10 Things to Help Recover from Anxiety & Depression
I'm starting to be at a point where I have more good days then bad. Most days I'm able to get through with some manageable anxiety, and I have periods some days without any anxiety at all. I'm also getting better at just accepting the days where the anxiety is overwhelming, and instead of letting it overtake my life I take baby steps to choose the light. I've also accepted that this upswing, while nice, could end at any moment, as mental health is a journey and not a destination. I know that there are going to be good days and bad days, days filled with light and days shrouded in darkness. But I'm also realizing that I have so much to learn from the darkness, and that darkness is not good nor bad, it simply is.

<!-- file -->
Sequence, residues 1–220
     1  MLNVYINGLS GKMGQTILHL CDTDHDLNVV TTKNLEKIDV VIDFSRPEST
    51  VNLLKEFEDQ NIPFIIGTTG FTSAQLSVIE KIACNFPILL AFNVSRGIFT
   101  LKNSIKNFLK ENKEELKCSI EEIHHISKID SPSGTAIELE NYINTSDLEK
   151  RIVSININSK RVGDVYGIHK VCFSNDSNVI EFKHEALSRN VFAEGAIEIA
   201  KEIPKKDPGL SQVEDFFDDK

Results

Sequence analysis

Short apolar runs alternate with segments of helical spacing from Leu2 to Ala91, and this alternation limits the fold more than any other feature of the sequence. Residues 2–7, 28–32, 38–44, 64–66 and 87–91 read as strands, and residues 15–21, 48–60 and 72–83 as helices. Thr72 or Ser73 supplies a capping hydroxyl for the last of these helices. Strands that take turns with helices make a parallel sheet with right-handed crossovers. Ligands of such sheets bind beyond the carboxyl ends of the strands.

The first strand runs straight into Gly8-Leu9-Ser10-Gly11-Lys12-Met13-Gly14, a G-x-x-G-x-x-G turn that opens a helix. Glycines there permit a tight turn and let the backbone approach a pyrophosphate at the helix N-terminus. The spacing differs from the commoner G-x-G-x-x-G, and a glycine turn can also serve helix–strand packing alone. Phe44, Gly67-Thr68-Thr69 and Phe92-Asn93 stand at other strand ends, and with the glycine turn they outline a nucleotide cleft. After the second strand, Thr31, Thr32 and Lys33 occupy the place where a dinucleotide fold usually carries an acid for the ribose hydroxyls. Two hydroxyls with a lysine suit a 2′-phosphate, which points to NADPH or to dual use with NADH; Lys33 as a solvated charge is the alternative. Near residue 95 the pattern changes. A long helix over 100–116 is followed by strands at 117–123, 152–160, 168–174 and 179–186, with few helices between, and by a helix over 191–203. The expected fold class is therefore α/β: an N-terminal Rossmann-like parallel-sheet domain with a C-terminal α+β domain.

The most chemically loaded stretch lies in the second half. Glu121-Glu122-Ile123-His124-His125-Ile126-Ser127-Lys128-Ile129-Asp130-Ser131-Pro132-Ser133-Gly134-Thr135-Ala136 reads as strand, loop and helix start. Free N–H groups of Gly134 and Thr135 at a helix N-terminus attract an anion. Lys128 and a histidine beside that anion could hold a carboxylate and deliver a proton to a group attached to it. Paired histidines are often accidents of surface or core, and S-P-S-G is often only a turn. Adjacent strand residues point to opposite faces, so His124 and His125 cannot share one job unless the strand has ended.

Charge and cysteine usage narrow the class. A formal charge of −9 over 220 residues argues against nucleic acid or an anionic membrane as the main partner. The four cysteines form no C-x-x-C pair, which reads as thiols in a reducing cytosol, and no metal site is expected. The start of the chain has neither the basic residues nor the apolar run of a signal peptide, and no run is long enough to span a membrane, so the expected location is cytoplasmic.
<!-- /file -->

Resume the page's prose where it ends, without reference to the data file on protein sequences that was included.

I want to share what I've been doing to get to this point, mostly to help inspire you if you're looking for alternative ways of dealing with anxiety or depression, but also for myself. I find that when I share things, it takes it out of my head and makes it concrete. It helps me heal to think that my words are being read and are possibly helping or bringing relief to someone else. Finally, and arguably most importantly, I want a list or something I can turn to if I do start being unable to see the light anymore and slip back to where I was. It took many, many baby steps to get here, but I find that these are the things that are helping me most*.
I've mentioned before how CBT was not a good fit for me. As a writer, empath and woman, so much of my anxiety and depression stems from the things I have gone through in my life and the stories I have formed in my perception of those events. A narrative therapist helps dig to the root of those stories and resulting limiting beliefs, and helps you to rework the novel that is your life.
Nutritionist & Life Coach